Samoans seem to be very body-part-conscious.
You might call it modest or reserved maybe, but all my training in ‘behaving so my mom, aunts and older cousins don’t give me the evils’ seemed to have a lot to do with how I positioned my body in specific situations.
Now that I’m grown, I see the wisdom and the respect behind the Samoan way of carrying oneself. The learning is so instilled in me, it even gets a little offensive when someone (inadvertently or otherwise) breaks one of the following, um… guidelines? around me.
- Passing in front of people. Especially when people are seated, if you have to move in front of them to get somewhere, you MUST excuse yourself. In Samoan, the word is ‘tulou‘ (excuse me).You should also try to stay low. For example, if you are passing between two people who are standing, you should should bow down as you move (and excuse yourself), so that you don’t obstruct their view of each other.
- Sitting. And you thought you already knew how to sit.If you’re sitting on the floor, omg fold your legs! (making sure, of course, that all your ‘bits’ are covered up properly).
It’s very rude to extend your legs so that the bottoms of your feet show to anyone else in the room. If for some reason you can’t fold your legs, then tuck them under you somehow.
Oh, and never ever draw your knees up to your chin while you’re sitting (you know, like when you’re hugging your legs) unless all your business is covered up properly. If you’re sitting amongst a group of elders, just don’t do it at all.
Sitting on a chair? It’s all universal common sense. Just keep your knees together unless they’re covered up properly.
- Standing while people are sitting. The only time you should be standing in an area where a group of people are sitting is if you’re taking yourself out of that area or you’re serving them (in which case the guideline above about excusing yourself would apply).If you need to speak with someone who is sitting, especially if this person is older than you, you need to bring yourself down physically to their level. Just sit or crouch down so that you’re at eye level or lower.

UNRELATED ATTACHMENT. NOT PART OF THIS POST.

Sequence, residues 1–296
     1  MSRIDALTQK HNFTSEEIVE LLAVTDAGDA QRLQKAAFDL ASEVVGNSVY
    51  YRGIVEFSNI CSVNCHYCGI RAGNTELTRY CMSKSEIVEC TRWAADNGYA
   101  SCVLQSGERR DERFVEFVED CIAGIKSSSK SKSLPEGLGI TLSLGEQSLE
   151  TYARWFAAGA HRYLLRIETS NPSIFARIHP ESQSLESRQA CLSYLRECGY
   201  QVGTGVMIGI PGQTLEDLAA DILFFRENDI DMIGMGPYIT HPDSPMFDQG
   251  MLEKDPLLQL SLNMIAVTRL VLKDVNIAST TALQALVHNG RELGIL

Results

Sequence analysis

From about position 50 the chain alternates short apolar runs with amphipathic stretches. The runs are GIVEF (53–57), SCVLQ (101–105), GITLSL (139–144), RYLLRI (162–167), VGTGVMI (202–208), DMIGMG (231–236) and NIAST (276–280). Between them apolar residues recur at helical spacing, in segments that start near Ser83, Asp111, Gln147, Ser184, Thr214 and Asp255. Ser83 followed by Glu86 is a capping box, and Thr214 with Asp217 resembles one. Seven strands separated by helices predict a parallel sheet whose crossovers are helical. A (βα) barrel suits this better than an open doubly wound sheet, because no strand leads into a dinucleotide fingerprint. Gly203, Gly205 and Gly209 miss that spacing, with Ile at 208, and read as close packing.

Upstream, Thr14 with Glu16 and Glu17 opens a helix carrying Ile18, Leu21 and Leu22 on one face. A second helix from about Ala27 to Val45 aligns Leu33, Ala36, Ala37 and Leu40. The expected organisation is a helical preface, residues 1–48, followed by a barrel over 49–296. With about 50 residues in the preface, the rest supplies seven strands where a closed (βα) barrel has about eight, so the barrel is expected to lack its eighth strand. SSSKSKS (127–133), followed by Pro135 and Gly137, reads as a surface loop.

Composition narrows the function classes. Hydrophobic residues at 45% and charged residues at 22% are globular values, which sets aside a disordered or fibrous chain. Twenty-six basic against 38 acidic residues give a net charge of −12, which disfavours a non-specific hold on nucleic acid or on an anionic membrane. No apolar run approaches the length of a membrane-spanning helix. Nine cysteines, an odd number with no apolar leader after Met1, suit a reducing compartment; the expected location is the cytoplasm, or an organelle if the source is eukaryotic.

It’s just wrong for them to be eye level with your stomach or somewhere worse while you’re beseeching their attention.
- Legs and Pants. Pants are not in the traditional Samoan wardrobe, so even in the modern world, we’re mindful of how they’re worn.For ladies, if you’re going to be at a gathering of Samoans (i.e. family) and happen to be in pants, don’t be surprised if someone hands you an ie lavalava to wear over them, especially if you’re going to be walking around amongst others (i.e. serving tea, etc.).
For men, pants are more acceptable of course, but for formal occasions and cultural-type gatherings, it’s always better to see them in ie lavalava or ie faitaga (the more dressy version of ie lavalava, that usually includes pockets)
- Boobage and lavalavas. This one kind of surprised me. You always see images of islander women in ie lavalava wrapped high, up under their arms and over their breasts. I guess that’s okay for other Pacific islanders, but for Samoans, not so much.I was taught that my ie should be worn around my waist only (with a shirt or something to cover my top half, obviously). Wearing it the other way (up under my arms) should be reserved for the privacy of your own home / shower / husband.
I’m not sure what the reasoning is behind that. Maybe someone can enlighten me (in a comment below).
Other guidelines about minding your body parts include not sticking your elbows in people’s faces when you’re passing an object to someone near them and not wearing bikinis / speedos when you’re swimming in public (Samoans wear shorts and tee-shirts or even jump in fully clothed. Seriously).
I think, though, that if you have the attitude that your body is sacred and so is everyone else’s, the Samoan way of positioning your body in social situations should make a lot of sense to you.
I would hope so, anyway.
Have I missed anything? Please leave me a comment below.